In the brave new world of Fourth-Amendment?-What-Fourth-Amendment?-Patriot-Act-land, we’re all potential criminals and we’re all under government surveillance.

The amount of data that our government has swept into its intelligence gathering maw has become so vast (remember these are electronic 1 and 0s, not piles of space-consuming paper) that the NSA is building a gi-normous file cabinet in the Utah desert to warehouse it all.

The minute that this young man stepped up and made this information available to the general public, the government smear machine and its trusty operatives in the press (perhaps I should say, it’s trusty operative, the press) swung into action, claiming and proclaiming that this young man, Edward Snowden is his name, was the worst American traitor since Benedict Arnold.

There were, of course, outliers in the press who didn’t buy it. MichaelHastings was one of this hardy band of actual journalists who didn’t write his stories straight from White House press releases.

Shortly after giving this interview:

YouTube Preview Image

Michael Hastings died in a car crash,

The public was interested in Mr Hastings’ too convenient death until the same press that pushes the government line on us distracted the public with a trial about a shooting in Florida. This trial so transfixed the public that it completely forgot that Uncle Sam was watching its every move.

Unfortunately for the government, Mr Snowden decided to run rather than take his chances in a kangaroo court.

The president of the United States brought out all his big bully artillery and fired it off at every nation that might give Mr Snowden sanctuary. He huffed and he puffed and one by one the various nations put up the No Vacancy sign in front of Mr Snowden.

Russia finally took the wandering whistle-blower in, and President Obama promptly cancelled a scheduled G4 Summit talk with President Putin. I don’t know if President Putin cried himself to sleep that night or not. But I do know that the world is balanced on a razor’s edge. It might be nice if these two guys talked things over, even if President Putin is sheltering that dreadnought Snowden.

But then, that would presume that somebody involved in the government end of this mess actually cared about this country. It seems safe to say that they only care about covering their own backsides.

Meanwhile, our ally, the United Kingdom, decided to get into the act. Rather than huff and puff, they picked up their guns and clubs and went a-huntin’ and a-smashin’ in the offices of the British publication, The Guardian.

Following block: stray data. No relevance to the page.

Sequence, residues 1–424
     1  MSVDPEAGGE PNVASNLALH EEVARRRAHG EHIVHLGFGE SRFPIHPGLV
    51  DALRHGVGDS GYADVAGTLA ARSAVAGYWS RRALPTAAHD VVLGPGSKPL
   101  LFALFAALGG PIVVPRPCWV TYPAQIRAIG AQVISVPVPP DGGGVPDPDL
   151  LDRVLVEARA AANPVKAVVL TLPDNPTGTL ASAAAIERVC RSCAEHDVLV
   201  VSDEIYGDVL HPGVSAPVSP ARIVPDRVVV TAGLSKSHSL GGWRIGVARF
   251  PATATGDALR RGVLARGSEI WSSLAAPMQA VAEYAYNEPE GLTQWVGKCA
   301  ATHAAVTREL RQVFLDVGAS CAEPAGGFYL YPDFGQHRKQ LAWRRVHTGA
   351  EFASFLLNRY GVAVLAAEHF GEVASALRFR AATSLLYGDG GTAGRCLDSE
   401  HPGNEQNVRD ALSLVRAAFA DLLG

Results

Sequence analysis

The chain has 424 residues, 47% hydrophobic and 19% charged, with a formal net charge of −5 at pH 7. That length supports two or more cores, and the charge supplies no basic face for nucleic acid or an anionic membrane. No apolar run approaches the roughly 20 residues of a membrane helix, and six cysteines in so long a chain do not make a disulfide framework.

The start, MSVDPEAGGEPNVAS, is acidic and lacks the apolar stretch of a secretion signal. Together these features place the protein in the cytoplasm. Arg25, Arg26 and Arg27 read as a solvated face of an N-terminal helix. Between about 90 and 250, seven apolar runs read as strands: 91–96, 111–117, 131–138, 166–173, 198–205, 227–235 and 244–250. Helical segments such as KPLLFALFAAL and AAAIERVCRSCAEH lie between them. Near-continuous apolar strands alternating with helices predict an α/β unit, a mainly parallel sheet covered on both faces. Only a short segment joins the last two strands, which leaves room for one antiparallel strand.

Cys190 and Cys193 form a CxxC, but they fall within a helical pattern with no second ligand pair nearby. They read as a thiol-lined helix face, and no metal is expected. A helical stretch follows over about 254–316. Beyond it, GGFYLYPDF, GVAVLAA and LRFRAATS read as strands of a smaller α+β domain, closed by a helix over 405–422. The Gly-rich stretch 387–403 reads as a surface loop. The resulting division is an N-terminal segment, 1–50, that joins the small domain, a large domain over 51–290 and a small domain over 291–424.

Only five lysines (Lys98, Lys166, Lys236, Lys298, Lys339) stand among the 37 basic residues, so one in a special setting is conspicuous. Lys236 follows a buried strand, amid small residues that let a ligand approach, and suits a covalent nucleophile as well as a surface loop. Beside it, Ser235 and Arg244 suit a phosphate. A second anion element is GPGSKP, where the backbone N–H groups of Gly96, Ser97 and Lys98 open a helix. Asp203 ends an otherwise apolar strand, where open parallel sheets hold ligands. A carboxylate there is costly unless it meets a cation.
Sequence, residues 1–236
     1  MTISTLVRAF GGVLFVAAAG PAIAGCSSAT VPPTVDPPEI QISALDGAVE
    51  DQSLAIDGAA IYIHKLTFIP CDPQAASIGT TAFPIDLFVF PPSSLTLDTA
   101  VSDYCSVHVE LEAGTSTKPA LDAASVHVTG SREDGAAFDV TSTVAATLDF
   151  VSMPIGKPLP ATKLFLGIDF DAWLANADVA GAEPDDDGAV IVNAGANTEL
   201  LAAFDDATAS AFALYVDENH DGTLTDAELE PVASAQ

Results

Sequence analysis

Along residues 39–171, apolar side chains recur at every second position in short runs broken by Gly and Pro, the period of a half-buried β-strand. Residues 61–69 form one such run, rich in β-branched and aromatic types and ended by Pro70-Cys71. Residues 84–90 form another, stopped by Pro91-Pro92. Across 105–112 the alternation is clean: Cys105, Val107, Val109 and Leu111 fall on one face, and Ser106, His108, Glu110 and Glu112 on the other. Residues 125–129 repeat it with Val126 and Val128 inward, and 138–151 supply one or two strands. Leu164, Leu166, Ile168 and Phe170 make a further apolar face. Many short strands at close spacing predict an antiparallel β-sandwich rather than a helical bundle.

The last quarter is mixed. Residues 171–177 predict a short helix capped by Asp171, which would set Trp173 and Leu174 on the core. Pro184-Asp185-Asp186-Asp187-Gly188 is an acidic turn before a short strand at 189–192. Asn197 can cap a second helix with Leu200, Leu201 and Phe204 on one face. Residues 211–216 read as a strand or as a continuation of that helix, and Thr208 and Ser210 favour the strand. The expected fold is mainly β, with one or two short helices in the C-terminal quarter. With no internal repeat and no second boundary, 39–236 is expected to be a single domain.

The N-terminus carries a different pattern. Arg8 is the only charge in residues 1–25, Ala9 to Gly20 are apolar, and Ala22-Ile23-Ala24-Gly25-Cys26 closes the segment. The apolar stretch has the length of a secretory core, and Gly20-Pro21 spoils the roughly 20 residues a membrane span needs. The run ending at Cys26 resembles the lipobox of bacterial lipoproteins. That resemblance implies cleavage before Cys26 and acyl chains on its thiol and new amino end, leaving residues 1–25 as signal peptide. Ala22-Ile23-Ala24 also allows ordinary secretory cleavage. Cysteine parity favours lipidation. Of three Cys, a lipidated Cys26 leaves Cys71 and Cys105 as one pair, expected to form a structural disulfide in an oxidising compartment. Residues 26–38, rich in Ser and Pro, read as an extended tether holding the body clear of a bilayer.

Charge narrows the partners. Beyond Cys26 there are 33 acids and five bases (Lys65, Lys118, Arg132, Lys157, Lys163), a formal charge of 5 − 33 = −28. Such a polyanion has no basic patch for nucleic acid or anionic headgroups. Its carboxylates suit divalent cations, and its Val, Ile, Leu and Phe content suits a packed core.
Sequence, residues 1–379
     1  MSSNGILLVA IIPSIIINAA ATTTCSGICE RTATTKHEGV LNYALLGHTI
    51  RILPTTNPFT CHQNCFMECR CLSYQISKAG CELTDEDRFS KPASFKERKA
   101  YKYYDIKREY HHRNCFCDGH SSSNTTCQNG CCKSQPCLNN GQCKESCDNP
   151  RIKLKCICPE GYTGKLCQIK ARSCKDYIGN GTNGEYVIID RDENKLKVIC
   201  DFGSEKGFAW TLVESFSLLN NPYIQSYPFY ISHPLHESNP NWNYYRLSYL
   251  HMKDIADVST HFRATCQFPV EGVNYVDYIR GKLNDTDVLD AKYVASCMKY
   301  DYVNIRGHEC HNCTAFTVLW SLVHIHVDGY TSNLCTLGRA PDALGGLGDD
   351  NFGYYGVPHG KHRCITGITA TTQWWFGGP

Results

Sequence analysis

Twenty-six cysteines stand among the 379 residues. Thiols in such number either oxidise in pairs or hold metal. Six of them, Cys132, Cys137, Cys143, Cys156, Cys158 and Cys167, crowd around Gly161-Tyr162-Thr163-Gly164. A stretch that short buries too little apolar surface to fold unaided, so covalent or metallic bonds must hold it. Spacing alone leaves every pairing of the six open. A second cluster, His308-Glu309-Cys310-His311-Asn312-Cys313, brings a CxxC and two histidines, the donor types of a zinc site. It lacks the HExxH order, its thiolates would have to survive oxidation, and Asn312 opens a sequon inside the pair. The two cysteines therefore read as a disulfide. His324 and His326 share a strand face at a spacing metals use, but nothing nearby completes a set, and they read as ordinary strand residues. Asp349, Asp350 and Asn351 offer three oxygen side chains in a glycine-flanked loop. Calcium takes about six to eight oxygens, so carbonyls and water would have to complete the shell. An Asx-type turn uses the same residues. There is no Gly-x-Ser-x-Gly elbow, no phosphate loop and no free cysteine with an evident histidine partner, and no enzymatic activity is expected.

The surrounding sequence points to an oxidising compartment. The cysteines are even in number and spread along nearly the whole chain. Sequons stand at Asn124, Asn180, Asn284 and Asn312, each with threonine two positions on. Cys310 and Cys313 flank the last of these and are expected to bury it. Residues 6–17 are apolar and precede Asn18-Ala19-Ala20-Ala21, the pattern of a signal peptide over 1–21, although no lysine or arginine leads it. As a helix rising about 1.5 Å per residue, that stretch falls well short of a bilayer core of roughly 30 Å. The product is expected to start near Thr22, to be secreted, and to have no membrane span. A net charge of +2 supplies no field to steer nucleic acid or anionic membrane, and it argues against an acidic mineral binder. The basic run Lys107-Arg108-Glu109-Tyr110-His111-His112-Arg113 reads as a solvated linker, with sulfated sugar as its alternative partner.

The Guardian had actually had the temerity to behave like a — I know this is hard to believe — member of the free press, and report Mr Snowden’s revelations about the work our governments were doing to put all of us on both sides of the Atlantic in the surveillance crosshairs.

The Brits, who are not troubled by niceties like First and Fourth Amendments, evidently took advantage of their government’s relative freedom to oppress its citizens and barged into The Guardian’s offices like Elliott Ness raiding a gin mill. They smashed computers and generally, as we say in these parts, tore up jack.

Of course, these tyrannical nitwits forgot (as tyrannical nitwits often do) the very essence of what they were dealing with. Evidently, nobody told them about backups.

I doubt that The Guardian lost a lot of data in this raid. But the British people lost a tremendous amount of freedom.

The question on this side of the Atlantic, not to even try to put it nicely, is did members of our government use the computer in Michael Hastings car to murder him because he was a danger to their careers?

It’s not even a question on the other side of the Atlantic. The answer is yes, the UK is in the bag for Obama and his spying on the populace of this country and probably theirs, as well. They don’t need a whistle blower to come forward and release evidence that their government has become a danger to the freedom of its citizens.

They went over to The Guardian’s offices and demonstrated that fact for all the world to see.

What is happening here?

Are we going to sit around and watch trashy televised trials and allow ourselves to be flim-flammed out of all our freedoms? Does anybody see how outrageous it is that the government has the entire American populace under surveillance?

I’ve run posts showing just how dishonest President Obama has been with the American people. Why, exactly, are they believing him now?

He’s got the whole world in his files.

That means you.

What happened in Britain isn’t a fluke. It’s a harbinger.